Friday, September 17, 2004


Keep Your Eyes on The Supreme Court on October 4

None other than arch-conservative, George Will, explains why the Supreme Court must hear the appeal to the Connecticut Supreme Court's decision to uphold the taking of private property for private development. If the Supreme Court takes the appeal, as it must, it will be a victory for those fighting eminent domain abuse across the country and here in Brooklyn. And the Court should then be expected to do the right thing and return eminent domain laws back to their original intention and meaning of "public use."

Court may weigh judicial vandalism under guise of Fifth Amendment

By George F. Will

THE U.S. Constitution, properly construed by a vigilant Supreme Court, prevents untrammeled power, which is the definition of despotism. But the human propensity for abusing power a propensity the Constitution's unsentimental framers understood and tried to shackle with prudent language is perennial. There always are people trying to carve crevices in constitutional terminology to allow scope for despotism. Such carving is occurring in Connecticut.

Soon perhaps on the first Monday in October the court will announce whether it will hear an appeal against a 4-3 ruling last March by Connecticut's Supreme Court. That ruling effectively repeals a crucial portion of the Bill of Rights. If you think the term "despotism' exaggerates what this repeal permits, consider the life-shattering power wielded by the government of New London, Conn.

That city, like many cities, needs more revenues. To enhance the Pfizer pharmaceutical company's $270 million research facility, it empowered a private entity, the New London Development Corporation, to exercise the power of eminent domain to condemn most of the Fort Trumbull neighborhood along the Thames River. The aim is to make space for upscale condominiums, a luxury hotel and private offices that would yield the city more tax revenues than can be extracted from the neighborhood's middle-class homeowners.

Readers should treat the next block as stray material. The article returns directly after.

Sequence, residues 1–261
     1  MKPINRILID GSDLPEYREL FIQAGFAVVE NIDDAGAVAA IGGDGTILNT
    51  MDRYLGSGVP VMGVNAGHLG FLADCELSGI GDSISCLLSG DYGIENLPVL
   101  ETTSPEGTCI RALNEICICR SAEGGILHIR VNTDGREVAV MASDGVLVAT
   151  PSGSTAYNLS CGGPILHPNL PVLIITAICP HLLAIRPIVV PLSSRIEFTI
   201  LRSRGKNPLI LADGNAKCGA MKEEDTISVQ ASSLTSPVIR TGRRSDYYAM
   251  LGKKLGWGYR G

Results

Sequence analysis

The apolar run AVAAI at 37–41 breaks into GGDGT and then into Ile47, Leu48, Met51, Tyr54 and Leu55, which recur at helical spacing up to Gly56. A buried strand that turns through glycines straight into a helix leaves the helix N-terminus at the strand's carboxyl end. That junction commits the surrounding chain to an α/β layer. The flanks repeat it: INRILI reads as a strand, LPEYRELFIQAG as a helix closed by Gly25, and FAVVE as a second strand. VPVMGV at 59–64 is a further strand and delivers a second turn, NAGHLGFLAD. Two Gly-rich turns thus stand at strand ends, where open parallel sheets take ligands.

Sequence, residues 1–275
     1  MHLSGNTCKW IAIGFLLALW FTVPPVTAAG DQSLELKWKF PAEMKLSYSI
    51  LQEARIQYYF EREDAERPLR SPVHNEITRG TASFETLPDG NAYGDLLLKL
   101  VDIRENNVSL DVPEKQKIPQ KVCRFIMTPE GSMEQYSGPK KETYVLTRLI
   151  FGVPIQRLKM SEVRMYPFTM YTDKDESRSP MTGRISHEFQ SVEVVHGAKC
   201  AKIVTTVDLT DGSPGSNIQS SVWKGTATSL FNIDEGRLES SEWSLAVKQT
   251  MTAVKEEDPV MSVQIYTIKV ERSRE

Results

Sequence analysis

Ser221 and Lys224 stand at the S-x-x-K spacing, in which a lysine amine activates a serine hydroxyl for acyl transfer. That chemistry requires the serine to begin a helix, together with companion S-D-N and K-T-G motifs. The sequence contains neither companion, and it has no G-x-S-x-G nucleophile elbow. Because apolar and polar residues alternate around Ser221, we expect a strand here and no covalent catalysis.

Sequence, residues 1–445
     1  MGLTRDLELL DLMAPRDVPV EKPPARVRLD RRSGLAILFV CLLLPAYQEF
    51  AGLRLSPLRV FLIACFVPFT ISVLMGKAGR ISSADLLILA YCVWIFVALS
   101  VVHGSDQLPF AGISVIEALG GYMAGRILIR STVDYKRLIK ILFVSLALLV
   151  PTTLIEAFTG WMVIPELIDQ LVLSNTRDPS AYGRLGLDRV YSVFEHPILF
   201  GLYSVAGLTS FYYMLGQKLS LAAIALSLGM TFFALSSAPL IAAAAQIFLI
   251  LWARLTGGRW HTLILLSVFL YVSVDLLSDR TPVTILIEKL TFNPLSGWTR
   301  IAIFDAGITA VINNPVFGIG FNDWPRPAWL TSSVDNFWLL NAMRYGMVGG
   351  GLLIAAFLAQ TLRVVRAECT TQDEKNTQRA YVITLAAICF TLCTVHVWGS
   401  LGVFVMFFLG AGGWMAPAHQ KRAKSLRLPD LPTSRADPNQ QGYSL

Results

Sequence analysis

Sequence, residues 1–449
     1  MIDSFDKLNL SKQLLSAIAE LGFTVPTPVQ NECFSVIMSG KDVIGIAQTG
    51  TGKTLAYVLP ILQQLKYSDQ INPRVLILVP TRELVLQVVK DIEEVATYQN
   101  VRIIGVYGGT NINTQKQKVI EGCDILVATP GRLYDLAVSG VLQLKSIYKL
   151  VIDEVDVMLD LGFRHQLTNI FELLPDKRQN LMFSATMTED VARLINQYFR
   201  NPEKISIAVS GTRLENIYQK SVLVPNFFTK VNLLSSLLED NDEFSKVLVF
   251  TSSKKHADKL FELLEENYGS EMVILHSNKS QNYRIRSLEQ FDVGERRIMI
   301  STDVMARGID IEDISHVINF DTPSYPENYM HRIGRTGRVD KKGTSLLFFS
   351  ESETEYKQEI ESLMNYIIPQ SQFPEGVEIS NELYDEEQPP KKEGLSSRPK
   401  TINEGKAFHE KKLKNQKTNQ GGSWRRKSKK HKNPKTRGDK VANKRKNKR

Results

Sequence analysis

The question is: Does the Constitution empower governments to seize a person's most precious property a home, a business and give it to more wealthy interests so that the government can reap, in taxes, ancillary benefits of that wealth? Connecticut's court says yes, which turns the Fifth Amendment from a protection of the individual against overbearing government into a license for government to coerce individuals on behalf of society's strongest interests. Henceforth, what home or business will be safe from grasping governments pursuing their own convenience?

But the Fifth Amendment says, inter alia: "nor shall private property be taken for public use, without just compensation' (emphasis added). Every state constitution also stipulates takings only for "public use.' The framers of the Bill of Rights used language carefully; clearly they intended the adjective "public' to restrict government takings to uses that are directly owned or primarily used by the general public, such as roads, bridges or public buildings.

The Connecticut court, like the courts of six other states, says the "public use' restriction does not really restrict takings at all: It merely means a taking must have some anticipated public benefit, however indirect and derivative, at the end of some chain of causation. Hence New London can evict Wilhelmina Dery from the home in which she has lived since her birth there in 1918.

Fifty years have passed since the court considered whether the "public use' clause allows condemnation for private development. The 1954 case from southwest Washington, D.C., concerned "urban renewal,' as such social engineering was confidently called before it became accurately known as "Negro removal.'

To empower government to condemn slum property most dwellings had no baths, indoor toilets or central heating; the neighborhood's tuberculosis and syphilis rates were high the court held that "public use' can mean "public purpose' when the aim is to cure blight harmful to the larger community.

But the Fort Trumbull neighborhood what remains of it; many residents have been bullied into moving is middle class. That is the "problem': Residents are not rich enough to pay the sort of taxes that can be extracted from the wealthy interests to whom New London's government wants to give other people's property.